“Clean Karachi Mission” underway by SSWMB

The gradually increasing population has resulted in a number of solid and hazardous waste challenges in Karachi, a megacity. The approximate population of Karachi is 22 million people lives here. The number of districts is six along with seven cantonment regions make up Karachi.

The DMC and the SSWMB (Sindh Solid Waste Management Board) are the two primary organizations responsible for managing solid waste and rubbish. There are three stages in the city’s rubbish disposal process. FECs to GTS and GTS to LFS are the two primary stages of the city’s waste collection procedure. FEC (front-end collection), which is the collecting of trash from street cans and UC cans. Garbage transfer stations or GTS are large areas where waste collected from FECs is dumped. Recycling and other waste that should be buried under the ground, etc., should be sorted at the GTS. There are just two landfills in Karachi, Deh Pass Gondal and Deh Jam Chakro, both of which are on the Northern Bypass side and each cover 500 acres of land. There is a huge yellow garbage separating tractor there. The purpose of this device was to separate the plastic, paper, and glass after it had passed through it, however, there wasn’t much to separate as most of it is already sorted in the city before it is dumped in a landfill.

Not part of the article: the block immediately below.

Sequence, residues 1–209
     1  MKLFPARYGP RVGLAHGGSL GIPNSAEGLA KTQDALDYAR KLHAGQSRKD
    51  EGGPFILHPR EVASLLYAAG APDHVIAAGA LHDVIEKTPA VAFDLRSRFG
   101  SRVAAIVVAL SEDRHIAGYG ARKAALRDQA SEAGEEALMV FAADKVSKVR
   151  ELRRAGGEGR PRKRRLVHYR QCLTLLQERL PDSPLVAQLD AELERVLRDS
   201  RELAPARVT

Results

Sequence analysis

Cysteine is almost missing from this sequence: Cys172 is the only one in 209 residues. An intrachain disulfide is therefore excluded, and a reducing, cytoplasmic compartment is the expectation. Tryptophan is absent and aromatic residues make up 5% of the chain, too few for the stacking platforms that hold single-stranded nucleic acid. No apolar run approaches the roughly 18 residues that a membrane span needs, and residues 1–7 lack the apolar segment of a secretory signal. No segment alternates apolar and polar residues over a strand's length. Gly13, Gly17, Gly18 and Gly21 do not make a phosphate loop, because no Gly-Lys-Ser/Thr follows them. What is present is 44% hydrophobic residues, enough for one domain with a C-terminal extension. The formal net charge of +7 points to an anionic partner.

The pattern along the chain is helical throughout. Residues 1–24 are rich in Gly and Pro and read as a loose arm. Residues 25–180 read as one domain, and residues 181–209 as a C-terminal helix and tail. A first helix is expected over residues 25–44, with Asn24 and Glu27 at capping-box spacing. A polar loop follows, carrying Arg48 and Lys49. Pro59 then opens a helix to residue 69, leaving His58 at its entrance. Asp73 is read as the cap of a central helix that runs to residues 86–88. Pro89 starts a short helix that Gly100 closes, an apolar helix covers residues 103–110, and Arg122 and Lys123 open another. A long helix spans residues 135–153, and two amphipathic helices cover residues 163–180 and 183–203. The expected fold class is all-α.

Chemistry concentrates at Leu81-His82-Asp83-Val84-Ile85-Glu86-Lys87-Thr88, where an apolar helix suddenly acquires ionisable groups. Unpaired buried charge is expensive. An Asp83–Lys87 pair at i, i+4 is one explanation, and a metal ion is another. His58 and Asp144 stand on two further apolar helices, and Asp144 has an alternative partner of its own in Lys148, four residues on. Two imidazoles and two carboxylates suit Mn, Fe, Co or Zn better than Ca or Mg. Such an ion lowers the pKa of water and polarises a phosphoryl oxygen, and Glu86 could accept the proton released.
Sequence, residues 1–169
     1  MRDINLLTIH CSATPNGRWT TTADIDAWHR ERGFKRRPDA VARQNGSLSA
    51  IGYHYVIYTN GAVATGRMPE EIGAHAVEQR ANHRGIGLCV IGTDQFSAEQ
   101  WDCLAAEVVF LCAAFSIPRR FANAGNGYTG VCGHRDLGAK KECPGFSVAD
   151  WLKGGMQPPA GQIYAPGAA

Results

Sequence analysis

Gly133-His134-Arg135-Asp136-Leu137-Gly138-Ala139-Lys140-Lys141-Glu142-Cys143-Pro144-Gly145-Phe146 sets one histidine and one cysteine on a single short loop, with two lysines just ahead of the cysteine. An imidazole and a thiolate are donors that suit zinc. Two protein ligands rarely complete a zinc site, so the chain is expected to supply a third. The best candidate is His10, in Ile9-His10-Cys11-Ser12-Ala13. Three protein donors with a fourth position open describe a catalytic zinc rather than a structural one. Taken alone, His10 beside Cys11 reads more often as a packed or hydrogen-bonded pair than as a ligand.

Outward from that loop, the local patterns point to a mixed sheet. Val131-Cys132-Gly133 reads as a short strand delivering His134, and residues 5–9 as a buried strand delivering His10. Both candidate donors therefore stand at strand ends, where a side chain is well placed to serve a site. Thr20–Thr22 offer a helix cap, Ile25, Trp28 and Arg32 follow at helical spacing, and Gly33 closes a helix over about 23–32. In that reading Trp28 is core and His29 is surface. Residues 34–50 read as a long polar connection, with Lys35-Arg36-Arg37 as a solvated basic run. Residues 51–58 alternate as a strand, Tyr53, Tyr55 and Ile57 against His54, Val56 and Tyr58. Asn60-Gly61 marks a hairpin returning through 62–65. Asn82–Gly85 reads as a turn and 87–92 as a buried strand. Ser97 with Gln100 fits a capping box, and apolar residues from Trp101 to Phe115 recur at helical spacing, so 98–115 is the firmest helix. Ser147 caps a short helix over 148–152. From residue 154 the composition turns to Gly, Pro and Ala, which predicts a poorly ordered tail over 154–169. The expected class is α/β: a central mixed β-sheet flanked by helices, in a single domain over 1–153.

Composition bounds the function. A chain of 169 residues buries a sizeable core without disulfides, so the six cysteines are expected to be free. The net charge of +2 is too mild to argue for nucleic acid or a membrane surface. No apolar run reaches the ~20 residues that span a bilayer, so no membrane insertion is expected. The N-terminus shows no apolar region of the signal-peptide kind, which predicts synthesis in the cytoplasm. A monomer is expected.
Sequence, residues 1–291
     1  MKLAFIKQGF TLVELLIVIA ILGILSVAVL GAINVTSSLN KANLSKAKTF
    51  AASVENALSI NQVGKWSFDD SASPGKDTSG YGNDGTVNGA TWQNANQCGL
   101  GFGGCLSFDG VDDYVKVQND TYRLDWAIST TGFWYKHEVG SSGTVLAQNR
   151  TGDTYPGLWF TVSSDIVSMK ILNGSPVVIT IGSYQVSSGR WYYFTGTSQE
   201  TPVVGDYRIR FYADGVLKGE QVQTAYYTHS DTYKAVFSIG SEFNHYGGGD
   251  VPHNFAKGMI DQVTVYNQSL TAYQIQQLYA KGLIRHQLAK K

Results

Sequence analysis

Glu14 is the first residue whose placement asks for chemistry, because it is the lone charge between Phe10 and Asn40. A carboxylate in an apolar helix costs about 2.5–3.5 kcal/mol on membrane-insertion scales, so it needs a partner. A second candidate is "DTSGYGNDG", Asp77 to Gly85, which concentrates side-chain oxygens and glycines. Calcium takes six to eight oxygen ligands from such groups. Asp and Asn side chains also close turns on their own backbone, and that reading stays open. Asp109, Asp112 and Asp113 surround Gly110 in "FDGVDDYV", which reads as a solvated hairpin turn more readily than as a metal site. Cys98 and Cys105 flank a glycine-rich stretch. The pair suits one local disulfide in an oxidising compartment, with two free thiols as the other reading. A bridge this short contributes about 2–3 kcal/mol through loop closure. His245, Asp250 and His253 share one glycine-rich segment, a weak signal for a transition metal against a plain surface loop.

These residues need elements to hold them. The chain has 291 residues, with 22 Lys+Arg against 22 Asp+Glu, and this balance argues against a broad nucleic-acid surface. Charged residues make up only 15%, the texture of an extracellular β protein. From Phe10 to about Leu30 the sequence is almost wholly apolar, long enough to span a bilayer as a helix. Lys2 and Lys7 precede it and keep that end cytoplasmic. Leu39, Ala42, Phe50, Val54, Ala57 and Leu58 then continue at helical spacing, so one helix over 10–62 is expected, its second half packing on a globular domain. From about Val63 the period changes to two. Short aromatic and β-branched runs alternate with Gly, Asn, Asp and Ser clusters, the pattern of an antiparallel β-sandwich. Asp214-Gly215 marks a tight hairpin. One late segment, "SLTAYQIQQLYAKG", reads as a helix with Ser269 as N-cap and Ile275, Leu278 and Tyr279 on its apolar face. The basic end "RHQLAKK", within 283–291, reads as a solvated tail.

It all seems fine but in reality it is critically messed up. A long history of poor leadership and carelessness is to blame for Karachi’s appearance as a large rubbish island rather than a modern, clean port city. The fundamental problem is that whoever calculated Karachi’s daily garbage production be it the Sindh government, city mayor, DMCs, etc, they did it incorrectly. The primary reason is that it is improperly estimated. Planning to collect and dispose of trash always fails if the garbage production was incorrectly estimated. The primary issue is exacerbated by carelessness and substandard performance.

The daily production of home waste in Karachi is up to 16,000 M/tons; commercial and industrial waste contributes to this amount. Daily disposal figures at dump sites are between 7,000 and 8,000 M/tons. Where does the remaining trash go? It surrounds both you and me. in the shape of piles at the sides of the highways, dumps in the parks, the sides of the walls of schools and hospitals, and in the rain drains! The equipment at landfill sites is inadequate; currently, there is only one site operating with a single weighing station, which means that it can take up to 10 minutes for each dumper to empty. Even if it runs continuously, it can only discharge 220 dumpers at a time, or around 4,500 tonnes total.
Political instability is to blame for the government’s underwhelming performance in the area of solid waste management, which became a severe backlog issue during monsoon because sewage nalas (streams) are overflowing with waste and the drainage system failed during the rainy season, exposing the underwhelming performance of the municipal administration.